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Engaging communities over air quality

Leading by example – engaging stakeholders in reviewing literature on engaging communities in addressing air quality

The origin of our air quality work dates back to the CLAHRC Neighbourhood Resilience Programme and from group discussions held in early 2020 with residents in three localities in the North West Coast. Disproportionate exposure to air pollution and associated negative health impacts were highlighted as priorities for these local communities. Fundamental to our way of working is support for research that responds to the priorities of local health and care systems, and local populations, by embedding co-production to each stage of the research process.

To address place-based issues such as air quality, we recognised the importance of community engagement to enable those residing in affected neighbourhoods to use their local knowledge to influence decision making processes and the implementation of local solutions. To develop our future plans for air quality work, we reviewed the existing literature to understand ways in which communities have been engaged in addressing air quality.

A key element of our review was the involvement of stakeholders with an interest and/or experience of engaging communities in air quality. Our working group involved two environmental protection professionals (Keith Dooley, Liverpool City Council and Simon Kirby, Blackburn-with-Darwen Borough Council), a representative from a local social enterprise focused on connecting communities to improve their local environment (Ruth Livesey, Regenerus), and two public advisers (Paul Moran and Neil Joseph) as research partners in each stage of the process. The working group met regularly at key points and communicated via email. Stakeholders provided a varied perspective and were involved in; refining review questions, reviewing summaries of the literature identified, deciding what data was important to collect from the literature, checking the accuracy of the data that was extracted from the literature, highlighting themes from the findings that were most important, and contributing to the write-up of the review.

This public and professional perspective influenced stages of the review process, from ensuring that review questions were pertinent to local communities and organisations, adding insight into the interpretation of the findings of the review, and tailoring strategies to share the findings. There was real value in involving not only members of the public affected by air pollution, but professionals who are responsible for developing solutions to address air quality. We asked stakeholders to feedback on their experience of being involved in the review process.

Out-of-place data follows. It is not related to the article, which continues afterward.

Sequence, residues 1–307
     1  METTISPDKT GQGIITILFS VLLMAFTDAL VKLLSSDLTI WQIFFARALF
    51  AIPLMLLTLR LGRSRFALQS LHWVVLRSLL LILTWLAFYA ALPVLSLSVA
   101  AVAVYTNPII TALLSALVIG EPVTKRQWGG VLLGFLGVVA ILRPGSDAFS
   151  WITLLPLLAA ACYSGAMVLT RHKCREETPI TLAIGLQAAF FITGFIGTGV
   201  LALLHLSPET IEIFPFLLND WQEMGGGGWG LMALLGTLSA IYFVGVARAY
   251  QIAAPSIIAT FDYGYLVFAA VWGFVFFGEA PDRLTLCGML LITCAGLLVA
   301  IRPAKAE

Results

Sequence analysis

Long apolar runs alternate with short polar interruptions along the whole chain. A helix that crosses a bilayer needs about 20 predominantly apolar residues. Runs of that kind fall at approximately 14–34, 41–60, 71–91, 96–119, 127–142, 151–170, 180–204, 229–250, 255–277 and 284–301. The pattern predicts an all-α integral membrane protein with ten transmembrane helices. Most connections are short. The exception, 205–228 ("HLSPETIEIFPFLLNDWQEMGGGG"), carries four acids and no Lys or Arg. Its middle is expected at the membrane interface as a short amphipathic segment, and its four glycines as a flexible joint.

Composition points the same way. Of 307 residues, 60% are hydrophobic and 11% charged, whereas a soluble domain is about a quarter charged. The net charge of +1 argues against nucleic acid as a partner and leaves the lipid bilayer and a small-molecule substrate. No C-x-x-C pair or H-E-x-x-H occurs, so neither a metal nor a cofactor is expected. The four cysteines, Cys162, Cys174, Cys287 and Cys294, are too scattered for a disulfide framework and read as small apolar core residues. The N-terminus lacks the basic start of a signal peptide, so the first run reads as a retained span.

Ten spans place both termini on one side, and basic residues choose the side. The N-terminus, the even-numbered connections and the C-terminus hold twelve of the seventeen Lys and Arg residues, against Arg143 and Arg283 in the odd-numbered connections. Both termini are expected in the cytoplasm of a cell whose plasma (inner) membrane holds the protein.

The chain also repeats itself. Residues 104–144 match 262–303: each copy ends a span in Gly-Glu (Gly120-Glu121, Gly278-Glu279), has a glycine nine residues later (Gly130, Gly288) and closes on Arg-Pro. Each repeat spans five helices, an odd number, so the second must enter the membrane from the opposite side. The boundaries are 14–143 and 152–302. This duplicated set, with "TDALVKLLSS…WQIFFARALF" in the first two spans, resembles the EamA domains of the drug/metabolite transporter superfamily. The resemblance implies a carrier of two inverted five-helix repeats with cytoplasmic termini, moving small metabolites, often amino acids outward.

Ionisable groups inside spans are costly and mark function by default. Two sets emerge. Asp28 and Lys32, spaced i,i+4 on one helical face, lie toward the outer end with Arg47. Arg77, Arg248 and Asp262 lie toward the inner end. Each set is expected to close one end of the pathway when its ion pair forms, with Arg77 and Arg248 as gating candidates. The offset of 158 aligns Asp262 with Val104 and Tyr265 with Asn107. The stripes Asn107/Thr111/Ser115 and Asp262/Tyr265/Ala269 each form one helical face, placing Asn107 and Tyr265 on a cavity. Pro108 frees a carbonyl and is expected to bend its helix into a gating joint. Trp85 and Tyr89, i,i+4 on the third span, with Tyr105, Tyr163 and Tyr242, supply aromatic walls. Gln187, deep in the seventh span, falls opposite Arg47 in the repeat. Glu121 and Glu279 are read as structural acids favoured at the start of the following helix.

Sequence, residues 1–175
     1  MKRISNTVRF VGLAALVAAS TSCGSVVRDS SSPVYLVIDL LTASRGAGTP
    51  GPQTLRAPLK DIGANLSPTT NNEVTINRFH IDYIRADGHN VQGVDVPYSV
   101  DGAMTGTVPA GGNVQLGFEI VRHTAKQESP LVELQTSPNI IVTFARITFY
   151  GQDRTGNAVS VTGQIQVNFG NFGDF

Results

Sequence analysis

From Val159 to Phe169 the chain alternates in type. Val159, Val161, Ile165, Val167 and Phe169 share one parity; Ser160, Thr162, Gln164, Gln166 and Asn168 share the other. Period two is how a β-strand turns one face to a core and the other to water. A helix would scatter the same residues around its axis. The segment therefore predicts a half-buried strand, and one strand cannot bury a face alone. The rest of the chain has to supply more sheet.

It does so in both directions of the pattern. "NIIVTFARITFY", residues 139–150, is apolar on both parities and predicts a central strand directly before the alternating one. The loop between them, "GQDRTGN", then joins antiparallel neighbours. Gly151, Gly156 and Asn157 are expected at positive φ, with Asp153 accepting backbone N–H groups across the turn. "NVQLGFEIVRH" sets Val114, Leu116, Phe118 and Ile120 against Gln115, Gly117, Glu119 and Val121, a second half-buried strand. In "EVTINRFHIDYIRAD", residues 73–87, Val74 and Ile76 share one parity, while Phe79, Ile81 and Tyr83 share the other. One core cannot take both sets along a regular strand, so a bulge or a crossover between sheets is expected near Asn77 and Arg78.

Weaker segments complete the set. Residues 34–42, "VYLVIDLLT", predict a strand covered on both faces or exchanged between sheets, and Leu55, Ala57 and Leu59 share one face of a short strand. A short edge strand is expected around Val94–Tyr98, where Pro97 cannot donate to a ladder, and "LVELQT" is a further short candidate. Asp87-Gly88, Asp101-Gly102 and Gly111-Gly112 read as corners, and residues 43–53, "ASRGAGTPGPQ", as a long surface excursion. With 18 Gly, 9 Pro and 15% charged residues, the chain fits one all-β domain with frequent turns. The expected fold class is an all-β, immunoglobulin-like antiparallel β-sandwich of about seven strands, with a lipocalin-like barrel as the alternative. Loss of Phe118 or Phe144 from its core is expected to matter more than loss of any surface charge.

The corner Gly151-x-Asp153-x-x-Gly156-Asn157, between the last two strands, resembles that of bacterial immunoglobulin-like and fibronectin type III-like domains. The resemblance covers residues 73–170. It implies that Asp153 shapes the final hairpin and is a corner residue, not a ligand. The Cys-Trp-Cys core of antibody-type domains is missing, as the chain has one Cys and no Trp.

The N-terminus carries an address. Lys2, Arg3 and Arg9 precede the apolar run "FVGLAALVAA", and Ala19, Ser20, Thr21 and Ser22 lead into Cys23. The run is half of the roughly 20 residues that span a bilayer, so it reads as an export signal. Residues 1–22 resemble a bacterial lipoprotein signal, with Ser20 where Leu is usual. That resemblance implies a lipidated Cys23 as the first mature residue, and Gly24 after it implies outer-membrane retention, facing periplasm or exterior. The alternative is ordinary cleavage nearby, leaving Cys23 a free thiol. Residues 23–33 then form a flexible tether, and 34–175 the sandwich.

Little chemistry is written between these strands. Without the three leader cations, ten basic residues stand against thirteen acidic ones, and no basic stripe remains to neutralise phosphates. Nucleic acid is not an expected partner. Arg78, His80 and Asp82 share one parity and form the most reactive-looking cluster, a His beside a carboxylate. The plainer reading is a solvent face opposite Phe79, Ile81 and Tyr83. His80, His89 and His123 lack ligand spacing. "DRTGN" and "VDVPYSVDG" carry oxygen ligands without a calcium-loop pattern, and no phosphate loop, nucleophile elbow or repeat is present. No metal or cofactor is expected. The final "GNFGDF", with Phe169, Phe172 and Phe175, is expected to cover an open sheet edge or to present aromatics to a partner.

“This experience has expanded my knowledge of air quality monitoring approaches and air pollution challenges and also reminded me how much I do know about community led solutions to local issues”- Ruth Livesey, Regenerus

“The research really highlighted the issues air quality causes in my area. I was happy to give my opinion and was surprised how much I could contribute to the working group. I have changed my behaviours now that I understand the impacts air quality has on children and have considered our environment when planning activities with the community group I represent. The research has also given me confidence and made me look into other research across Liverpool and I am now an ARC public adviser and theme co-lead.” – Paul Moran, ARC NWC Public Adviser

“I believe I was most effective in providing technical and scientific advice to the group on air quality, specifically with regards to air quality monitoring, and I was able to provide some insight on how local government tackles air quality and the challenges faced by local councils.” – Keith Dooley, Liverpool City Council

We further describe our approach to stakeholder engagement using the GRIPP2 reporting checklist in our review article.

Engaging communities in addressing air quality: a scoping review.

GRIPP2 reporting checklists: tools to improve reporting of patient and public involvement in research.

Hayley Lowther-Payne, Senior Research Assistant, ARC North West Coast